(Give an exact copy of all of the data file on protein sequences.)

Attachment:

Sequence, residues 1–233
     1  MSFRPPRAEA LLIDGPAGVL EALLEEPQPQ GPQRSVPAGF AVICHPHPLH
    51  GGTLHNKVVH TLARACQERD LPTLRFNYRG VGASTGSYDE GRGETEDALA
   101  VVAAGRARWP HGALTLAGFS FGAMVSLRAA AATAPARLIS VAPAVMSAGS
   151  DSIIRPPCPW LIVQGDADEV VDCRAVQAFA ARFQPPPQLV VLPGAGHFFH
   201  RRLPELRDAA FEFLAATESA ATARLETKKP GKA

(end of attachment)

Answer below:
Sequence, residues 1–233
     1  MSFRPPRAEA LLIDGPAGVL EALLEEPQPQ GPQRSVPAGF AVICHPHPLH
    51  GGTLHNKVVH TLARACQERD LPTLRFNYRG VGASTGSYDE GRGETEDALA
   101  VVAAGRARWP HGALTLAGFS FGAMVSLRAA AATAPARLIS VAPAVMSAGS
   151  DSIIRPPCPW LIVQGDADEV VDCRAVQAFA ARFQPPPQLV VLPGAGHFFH
   201  RRLPELRDAA FEFLAATESA ATARLETKKP GKA